The historical evidence for Lazarus's existence is, well, non-existent, the Biblical evidence scant. Yet Lazarus has been portrayed in words and pictures countless times, and it is this evidence - a kind of collective imagination - that Beard draws on, sharing the views and versions of writers, painters and film-makers across the centuries. A rather dull review in The Observer last week failed to get the point, trying to read 'Lazarus is Dead' as if it were a conventional novel rather than a thought-provoking, moving and literate exploration of a world-famous character who may, or may not have existed.

Rembrandt, The Raising of Lazarus, 1630
I've found some of the paintings Beard mentions in the text, and one or two others that he doesn't. An illustrated edition would be a treat. But what on earth, I find myself wondering, will he write about next?

William Blake, The Raising of Lazarus, 1795

Tuesday, 16 August 2011

The Cerne Abbas Giant in Pictures

Frank Dobson, The Giant, Cerne Abbas, 1931
I came across this fabulous picture illustrating a review of Alexandra Harris's book 'Romantic Moderns' in The Art Newspaper. I particularly like the cloud preserving the giant's modesty and can imagine the conversations between the artist and Shell's advertising supremo Jack Beddington that led to its addition. Actually, it's the shadow cast by a cloud that conceals the celebrated phallus, which is surely a physical impossibility.

The point is, though, that Beddington thought this glorious chalk figure too good to leave out when he was commissioning the paintings of British landmarks that were supposed to encourage motorists to buy Shell products. Antiquaries and tourists had been visiting Cerne Abbas since the 18th century, if not earlier, although depictions of the figure were not necessarily true to life.

Samuel Hieronymous Grimm, The Giant, Cerne Abbas, 1790

On the southern declivity of a steep chalk hill, called Trendle Hill, to the north of the town, a gigantic figure has been traced, representing a man holding a knotted club in his right hand, and extending his left arm; it is one hundred and eighty feet high, and well executed; the outlines are two feet broad, and two feet deep; between the legs is an illegible inscription, and above, the date 748: it is by some antiquaries referred to the Saxon times, and supposed to represent one of their deities; by others it is thought to be a memorial of Cenric, son of Cuthred, King of the West Saxons, who was slain in battle; and according to vulgar tradition, it was cut to commemorate the destruction of a giant who ravaged that part of the country, and was killed by the peasants: the figure is occasionally repaired by the inhabitants of the town. (Samuel Lewis' 'A Topographical Dictionary of England', Vol. I, [1831])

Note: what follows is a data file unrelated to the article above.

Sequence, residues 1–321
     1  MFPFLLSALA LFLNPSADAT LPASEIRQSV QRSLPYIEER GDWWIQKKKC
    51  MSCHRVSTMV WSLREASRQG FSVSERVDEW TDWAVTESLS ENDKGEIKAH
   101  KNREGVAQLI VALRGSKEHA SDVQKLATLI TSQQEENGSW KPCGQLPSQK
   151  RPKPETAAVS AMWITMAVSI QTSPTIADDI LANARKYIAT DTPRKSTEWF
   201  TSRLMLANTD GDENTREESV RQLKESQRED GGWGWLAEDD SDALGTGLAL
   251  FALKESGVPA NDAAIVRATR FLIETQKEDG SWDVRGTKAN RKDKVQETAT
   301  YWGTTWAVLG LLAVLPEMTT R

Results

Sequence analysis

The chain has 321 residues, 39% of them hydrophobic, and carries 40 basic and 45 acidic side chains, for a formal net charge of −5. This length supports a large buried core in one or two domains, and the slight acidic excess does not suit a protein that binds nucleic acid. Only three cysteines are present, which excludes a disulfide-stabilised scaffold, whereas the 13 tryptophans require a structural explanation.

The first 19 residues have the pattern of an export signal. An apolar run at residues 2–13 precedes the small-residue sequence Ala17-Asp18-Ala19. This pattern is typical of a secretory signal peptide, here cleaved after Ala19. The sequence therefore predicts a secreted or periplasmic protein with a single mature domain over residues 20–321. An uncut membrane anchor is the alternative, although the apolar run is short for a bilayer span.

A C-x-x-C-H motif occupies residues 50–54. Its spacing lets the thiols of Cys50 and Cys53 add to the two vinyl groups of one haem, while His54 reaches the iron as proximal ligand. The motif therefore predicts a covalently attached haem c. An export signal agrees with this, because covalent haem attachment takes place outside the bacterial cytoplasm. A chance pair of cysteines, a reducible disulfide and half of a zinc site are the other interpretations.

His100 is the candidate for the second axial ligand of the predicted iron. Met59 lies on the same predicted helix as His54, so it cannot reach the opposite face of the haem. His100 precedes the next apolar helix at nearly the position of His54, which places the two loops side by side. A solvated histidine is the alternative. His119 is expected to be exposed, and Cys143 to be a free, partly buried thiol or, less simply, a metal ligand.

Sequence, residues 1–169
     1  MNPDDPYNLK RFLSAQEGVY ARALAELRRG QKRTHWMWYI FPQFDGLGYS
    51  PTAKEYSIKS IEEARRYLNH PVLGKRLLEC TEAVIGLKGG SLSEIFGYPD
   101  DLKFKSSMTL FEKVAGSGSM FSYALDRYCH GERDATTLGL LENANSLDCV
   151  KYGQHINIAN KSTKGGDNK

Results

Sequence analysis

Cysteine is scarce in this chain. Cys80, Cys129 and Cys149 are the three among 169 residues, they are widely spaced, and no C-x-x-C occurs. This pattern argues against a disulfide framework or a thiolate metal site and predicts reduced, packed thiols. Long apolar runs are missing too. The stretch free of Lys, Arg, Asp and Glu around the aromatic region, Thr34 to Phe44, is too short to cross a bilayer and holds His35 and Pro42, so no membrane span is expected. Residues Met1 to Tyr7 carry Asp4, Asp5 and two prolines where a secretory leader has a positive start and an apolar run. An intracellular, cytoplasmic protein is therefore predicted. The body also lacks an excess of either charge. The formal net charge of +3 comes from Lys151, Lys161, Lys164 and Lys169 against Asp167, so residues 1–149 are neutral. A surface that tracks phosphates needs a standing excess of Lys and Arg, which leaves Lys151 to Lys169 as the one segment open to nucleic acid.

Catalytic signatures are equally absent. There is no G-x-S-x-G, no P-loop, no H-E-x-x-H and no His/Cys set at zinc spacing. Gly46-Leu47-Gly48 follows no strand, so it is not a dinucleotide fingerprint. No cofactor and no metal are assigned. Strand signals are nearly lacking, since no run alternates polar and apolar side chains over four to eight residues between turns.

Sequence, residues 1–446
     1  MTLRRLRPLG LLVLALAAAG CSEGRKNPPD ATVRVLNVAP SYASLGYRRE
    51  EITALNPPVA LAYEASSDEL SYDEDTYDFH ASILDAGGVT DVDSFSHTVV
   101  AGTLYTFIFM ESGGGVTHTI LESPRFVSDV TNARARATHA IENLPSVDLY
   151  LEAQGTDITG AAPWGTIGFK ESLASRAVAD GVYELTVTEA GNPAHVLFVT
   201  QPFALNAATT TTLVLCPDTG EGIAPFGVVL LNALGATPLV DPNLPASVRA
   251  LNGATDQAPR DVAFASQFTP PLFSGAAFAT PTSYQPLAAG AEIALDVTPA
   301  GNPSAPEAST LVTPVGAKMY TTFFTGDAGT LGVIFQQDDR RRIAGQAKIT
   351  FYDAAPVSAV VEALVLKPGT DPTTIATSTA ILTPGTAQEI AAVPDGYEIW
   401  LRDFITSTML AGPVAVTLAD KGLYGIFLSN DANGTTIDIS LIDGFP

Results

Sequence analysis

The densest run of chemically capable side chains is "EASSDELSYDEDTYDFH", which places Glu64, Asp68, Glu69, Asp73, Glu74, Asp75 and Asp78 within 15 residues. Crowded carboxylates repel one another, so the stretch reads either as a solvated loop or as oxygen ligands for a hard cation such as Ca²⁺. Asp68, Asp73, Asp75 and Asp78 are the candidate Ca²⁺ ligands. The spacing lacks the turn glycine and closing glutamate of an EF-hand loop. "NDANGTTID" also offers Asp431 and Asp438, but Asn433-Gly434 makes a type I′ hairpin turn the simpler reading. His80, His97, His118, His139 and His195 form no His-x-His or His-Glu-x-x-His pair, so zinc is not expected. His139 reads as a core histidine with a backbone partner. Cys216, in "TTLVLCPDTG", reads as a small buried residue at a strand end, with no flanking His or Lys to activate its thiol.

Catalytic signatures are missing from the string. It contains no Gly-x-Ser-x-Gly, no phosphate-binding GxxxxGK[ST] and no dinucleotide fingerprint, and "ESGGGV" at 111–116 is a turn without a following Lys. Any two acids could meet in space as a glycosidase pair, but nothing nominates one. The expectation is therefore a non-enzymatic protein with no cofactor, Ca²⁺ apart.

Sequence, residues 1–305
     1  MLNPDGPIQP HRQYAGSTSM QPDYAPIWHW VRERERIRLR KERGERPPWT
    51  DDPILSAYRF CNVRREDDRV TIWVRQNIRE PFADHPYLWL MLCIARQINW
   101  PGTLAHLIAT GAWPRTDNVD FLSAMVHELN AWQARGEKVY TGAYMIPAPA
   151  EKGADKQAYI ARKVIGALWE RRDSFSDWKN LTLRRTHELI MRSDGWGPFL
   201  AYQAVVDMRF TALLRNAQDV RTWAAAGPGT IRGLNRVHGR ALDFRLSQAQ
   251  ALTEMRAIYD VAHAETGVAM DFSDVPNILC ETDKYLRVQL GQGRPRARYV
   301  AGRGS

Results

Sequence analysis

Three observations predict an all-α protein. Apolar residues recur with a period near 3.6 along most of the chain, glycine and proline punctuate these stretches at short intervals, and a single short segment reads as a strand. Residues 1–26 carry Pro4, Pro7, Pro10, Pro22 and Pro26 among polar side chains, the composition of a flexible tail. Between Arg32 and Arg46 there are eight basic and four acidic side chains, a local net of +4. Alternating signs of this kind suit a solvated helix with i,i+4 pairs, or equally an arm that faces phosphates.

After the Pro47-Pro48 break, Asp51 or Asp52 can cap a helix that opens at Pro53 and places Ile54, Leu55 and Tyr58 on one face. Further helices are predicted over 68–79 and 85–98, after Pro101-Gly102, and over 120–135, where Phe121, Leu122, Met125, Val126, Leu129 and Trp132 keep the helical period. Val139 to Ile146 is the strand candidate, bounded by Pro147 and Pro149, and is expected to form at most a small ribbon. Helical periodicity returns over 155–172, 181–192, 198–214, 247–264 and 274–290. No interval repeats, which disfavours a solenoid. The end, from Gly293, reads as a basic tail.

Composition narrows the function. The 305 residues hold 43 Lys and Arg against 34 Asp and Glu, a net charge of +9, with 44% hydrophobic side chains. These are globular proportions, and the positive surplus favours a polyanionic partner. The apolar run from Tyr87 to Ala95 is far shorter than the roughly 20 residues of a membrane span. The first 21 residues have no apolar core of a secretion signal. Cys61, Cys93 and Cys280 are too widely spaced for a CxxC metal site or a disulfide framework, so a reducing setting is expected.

Images of the giant were not hard to come by in the 1930s, when numerous picture postcards carried its photograph. The increasingly widespread use of aerial photography offered a new perspective, which artists may have exploited to give a clearer view of the figure... Paul Nash made watercolour sketches of the giant before the war, while he was researching 'The Shell Guide to Dorset', and during the conflict.

Paul Nash, The Cerne Abbas Giant, 1935

Eric Ravilious, meanwhile, gave the figure a martial air in his painting, made during a whirlwind visit in December 1939. His version, incidentally, shows a different kind of censorship. The people who covered over the white chalk outline of the giant at the start of World War II were not concerned with modesty; their aim was to prevent the pilots and navigators of the Luftwaffe using the distinctive figure as a landmark.

Eric Ravilious, The Cerne Abbas Giant, 1939
Post-war, the Cerne Giant has been restored to his full glory, and artists have returned to paint this strange personage. While his image is better known than ever before, the giant's history remains murky. It seems unlikely that he is, as past historians used to surmise, a Roman tribute to Hercules, or even a Saxon homage to some long-forgotten deity. Medieval writers were as keen on oddities as we are nowadays, and though the White Horse of Uffington was often described - as a wonder almost as great as Stonehenge - the giant is not mentioned until after the Civil War. Who first carved out this unforgettable shape, and why, we may never know.

David Inshaw, Cerne Giant